Since the arrival of Covid-19, economic growth has turned sharply downwards, pushing economies into a global recession. The pandemic has played the role of a double edged knife i.e. if the lockdown is relaxed, the fear of an increase in the number of coronavirus cases rises, whereas if the lockdown is strictly imposed then economies tend to bear the repercussions. Economists across world have declared the pandemic to be a sequel to the Great Depression. Before March, the International Monetary Fund (IMF) projected positive per capita income growth for more than 160 countries for the year 2020. But, after six months of Covid-19 crippling economies across the world, 170 countries are currently experiencing negative per capita income growth.
Livelihood opportunities, especially for daily wage workers, have been squeezed. Not only have small and medium enterprises and traders been badly hit but the sudden closure of large industries, ports, airports and transport services has also jammed the wheel of economies across the globe. Additionally, this cut down in economic activity has further scaled down the consumption of petroleum products, which has resulted in a partial closure of refineries, thereby immensely impacting the petroleum trade. Although philanthropists and donor agencies are actively participating in the provision of essential food items and services to those in need, economic survival in less economically developed countries still remains a concern.
Pakistan was already suffering from a mild recession prior to the arrival of Covid-19. Therefore, despite massive criticism, the incumbent government had to ease the imposed lockdown at the end of May given the shrinking condition of the economy. At that time, the number of active coronavirus cases was on an exponential rise to such an extent that global health organisations were comparing Pakistan’s trend of increase in active cases with active cases in Italy and China. But contrary to expectations, the relaxation of the lockdown did not greatly increase the number of Covid-19 cases, and health experts are still unaware as to why this is. However, regardless of the success in dealing with the pandemic, the country has struggled to cope with the economic loss ushered in by the initial months of the pandemic. Pakistan’s economy for the first time in 68 years is projected to contract in the outgoing fiscal year with a negative growth rate of 0.38 percent, and the GDP is set to contract by 4% due to trade disruptions, decline in FDI and remittances, and fluxes in other sectors.
It is evident from the data that Pakistan’s economy has experienced prosperity and recession with no growth interval lasting more than five years. Since 2018, the growth rate was declining and the pandemic aggravated the situation even further. The informal sector that accommodated 27.3 million employees prior to the pandemic is now either suffering from an increase in unemployment or underemployment. In a nutshell, the pandemic made people in the country even more vulnerable to poverty, and those who were already vulnerable have been pushed below the poverty line.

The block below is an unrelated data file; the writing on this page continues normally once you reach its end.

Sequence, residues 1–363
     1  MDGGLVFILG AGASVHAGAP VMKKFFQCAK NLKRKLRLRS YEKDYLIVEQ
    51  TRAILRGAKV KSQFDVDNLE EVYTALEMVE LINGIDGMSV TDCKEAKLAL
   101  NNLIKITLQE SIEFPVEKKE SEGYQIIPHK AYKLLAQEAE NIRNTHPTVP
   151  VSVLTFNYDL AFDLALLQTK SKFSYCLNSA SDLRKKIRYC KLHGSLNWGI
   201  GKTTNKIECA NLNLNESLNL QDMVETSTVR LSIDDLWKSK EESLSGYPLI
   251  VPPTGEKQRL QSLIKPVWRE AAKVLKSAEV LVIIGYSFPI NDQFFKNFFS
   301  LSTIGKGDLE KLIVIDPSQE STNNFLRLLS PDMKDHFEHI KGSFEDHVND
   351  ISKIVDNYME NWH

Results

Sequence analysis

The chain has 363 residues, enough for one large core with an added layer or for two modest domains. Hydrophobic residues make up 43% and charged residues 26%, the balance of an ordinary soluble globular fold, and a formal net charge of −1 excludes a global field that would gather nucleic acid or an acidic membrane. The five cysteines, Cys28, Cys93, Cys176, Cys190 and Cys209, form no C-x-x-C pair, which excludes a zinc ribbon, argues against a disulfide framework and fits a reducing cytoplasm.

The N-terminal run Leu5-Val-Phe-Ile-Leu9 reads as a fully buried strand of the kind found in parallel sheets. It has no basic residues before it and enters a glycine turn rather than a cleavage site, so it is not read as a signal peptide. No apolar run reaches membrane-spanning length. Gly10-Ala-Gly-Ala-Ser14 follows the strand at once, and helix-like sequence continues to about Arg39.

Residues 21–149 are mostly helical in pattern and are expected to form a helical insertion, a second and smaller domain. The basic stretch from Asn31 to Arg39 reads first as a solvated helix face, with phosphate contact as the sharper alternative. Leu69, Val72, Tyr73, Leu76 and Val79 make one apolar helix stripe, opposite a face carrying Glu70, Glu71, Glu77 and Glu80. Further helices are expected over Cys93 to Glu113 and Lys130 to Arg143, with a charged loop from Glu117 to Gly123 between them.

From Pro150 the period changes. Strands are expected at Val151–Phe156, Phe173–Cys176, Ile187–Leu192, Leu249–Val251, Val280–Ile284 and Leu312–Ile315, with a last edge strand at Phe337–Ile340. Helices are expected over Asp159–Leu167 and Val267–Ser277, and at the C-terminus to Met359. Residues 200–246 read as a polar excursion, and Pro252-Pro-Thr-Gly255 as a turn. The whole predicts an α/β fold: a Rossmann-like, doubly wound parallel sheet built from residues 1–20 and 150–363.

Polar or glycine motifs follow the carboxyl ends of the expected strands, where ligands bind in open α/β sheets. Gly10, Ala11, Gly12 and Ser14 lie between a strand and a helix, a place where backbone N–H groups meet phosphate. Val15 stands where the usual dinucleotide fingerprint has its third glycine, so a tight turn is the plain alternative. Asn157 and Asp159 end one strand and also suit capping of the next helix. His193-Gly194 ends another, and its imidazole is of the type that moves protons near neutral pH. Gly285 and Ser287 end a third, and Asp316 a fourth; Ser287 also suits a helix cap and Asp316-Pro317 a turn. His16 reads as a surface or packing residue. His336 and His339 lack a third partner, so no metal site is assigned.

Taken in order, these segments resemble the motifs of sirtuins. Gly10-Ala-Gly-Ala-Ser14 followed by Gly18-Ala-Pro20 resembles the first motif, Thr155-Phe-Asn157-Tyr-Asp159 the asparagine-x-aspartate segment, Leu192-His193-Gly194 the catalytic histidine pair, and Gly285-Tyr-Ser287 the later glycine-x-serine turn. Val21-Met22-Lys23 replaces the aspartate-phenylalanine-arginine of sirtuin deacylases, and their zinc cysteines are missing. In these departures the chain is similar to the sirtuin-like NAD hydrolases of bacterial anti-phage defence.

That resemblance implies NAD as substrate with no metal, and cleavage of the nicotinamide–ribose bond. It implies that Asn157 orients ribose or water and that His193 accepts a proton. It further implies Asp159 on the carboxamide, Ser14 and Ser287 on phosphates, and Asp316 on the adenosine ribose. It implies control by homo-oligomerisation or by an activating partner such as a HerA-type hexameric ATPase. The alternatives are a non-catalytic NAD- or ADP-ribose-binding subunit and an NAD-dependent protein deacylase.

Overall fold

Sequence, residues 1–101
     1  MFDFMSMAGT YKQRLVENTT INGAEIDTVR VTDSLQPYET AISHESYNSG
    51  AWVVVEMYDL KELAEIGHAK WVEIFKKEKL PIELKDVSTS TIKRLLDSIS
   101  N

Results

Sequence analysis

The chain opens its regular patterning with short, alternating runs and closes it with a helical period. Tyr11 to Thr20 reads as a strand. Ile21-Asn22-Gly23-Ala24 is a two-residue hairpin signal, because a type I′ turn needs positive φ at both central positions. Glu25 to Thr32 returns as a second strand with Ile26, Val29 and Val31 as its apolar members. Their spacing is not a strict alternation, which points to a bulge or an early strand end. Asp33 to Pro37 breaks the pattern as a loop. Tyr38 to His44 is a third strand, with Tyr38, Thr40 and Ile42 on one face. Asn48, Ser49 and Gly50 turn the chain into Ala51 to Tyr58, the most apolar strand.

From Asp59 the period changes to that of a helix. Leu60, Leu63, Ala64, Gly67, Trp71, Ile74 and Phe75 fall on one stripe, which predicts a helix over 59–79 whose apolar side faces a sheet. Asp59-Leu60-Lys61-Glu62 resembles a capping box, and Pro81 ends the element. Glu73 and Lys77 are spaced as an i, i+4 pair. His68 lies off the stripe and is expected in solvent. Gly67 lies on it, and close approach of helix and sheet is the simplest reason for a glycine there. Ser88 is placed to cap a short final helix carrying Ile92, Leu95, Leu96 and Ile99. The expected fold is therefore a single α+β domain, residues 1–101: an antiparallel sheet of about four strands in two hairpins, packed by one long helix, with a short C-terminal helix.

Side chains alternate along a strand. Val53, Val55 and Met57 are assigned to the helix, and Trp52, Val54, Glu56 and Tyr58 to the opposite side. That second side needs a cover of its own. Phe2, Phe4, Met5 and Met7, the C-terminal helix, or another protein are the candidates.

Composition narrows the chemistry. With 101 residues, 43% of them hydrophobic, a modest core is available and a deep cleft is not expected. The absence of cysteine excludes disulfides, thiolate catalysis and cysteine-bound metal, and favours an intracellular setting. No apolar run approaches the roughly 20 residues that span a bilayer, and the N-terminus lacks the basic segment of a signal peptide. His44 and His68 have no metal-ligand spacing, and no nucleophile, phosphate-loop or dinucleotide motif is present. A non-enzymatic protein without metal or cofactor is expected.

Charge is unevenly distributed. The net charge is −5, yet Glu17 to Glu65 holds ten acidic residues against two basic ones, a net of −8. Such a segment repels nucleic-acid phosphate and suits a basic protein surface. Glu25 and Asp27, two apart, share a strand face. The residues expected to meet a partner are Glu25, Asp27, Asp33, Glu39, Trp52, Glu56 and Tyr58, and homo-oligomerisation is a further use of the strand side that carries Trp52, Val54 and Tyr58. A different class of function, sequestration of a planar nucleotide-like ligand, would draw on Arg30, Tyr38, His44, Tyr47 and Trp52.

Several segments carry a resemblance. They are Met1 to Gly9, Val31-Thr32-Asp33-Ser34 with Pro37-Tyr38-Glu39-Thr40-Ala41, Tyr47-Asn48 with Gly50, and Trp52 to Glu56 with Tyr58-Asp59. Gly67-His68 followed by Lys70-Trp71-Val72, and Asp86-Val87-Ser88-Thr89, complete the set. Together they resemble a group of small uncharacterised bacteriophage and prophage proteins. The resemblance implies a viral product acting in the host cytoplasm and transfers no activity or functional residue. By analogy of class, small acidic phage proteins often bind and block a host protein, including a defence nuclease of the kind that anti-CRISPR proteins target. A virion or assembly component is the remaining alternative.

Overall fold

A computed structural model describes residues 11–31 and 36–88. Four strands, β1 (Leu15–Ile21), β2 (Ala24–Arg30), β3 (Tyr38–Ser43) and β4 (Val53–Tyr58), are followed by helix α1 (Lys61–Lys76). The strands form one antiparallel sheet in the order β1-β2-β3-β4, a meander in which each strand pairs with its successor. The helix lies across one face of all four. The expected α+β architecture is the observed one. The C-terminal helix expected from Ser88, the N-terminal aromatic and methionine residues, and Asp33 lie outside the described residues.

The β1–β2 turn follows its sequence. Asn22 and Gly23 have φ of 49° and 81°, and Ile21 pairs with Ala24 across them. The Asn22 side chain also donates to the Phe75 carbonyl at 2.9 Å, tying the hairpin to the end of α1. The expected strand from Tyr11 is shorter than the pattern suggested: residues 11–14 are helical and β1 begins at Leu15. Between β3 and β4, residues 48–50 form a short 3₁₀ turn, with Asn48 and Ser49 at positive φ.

In order to deal with the socio-economic implications of Covid-19, the government of Pakistan has collaborated with different donor agencies. The World Bank has approved a $200 million programme to help Pakistan improve access to quality healthcare, education and support economic opportunities for women to limit the impact of the pandemic. USAID and UNDP have also launched several programmes in different provinces of Pakistan to encourage revenue generating activities.
Even though the markets have now completely restored their operational status and are working in a restriction free environment, to expect an upward swing in growth is still unrealistic primarily because of two factors. Firstly, the weather that may have worked as a shield against the pandemic is beginning to change, and with this we may experience an uptick in coronavirus cases once again. The government’s claims that Pakistan is one of the highest Covid-19 testing countries in the world is still unreliable as a major chunk of the population cannot afford the cost of the test at Rs 4000 per person. Moreover, if we look at the household structure in Pakistan, a vast majority of households either have sole earners on which the entire family is financially dependent, or has minors working to make ends meet. Therefore, affordability of the Covid-19 test for an average poverty ridden household comprising of five to six individuals is an issue. Therefore, it can be stated that although the weather conditions might have prevented the spread of the virus, a great deal of active cases still go unreported.
Secondly, apart from the pandemic, the foreign debt policy of the government, unprecedented price hikes and a reduction in exports have also weakened the economy. Adding to the misery, the country is likely to face a gas shortage for a minimum of the next two years, thereby further exerting a negative impact on the staggering performance of Pakistan’s industries. In light of these circumstances, growth is unlikely to knock at the economy’s door anytime soon. Therefore, it is time for policy makers to be more vigilant in framing policies that can at least minimise the bandwidth of negative growth if not revert it back to a positive figure.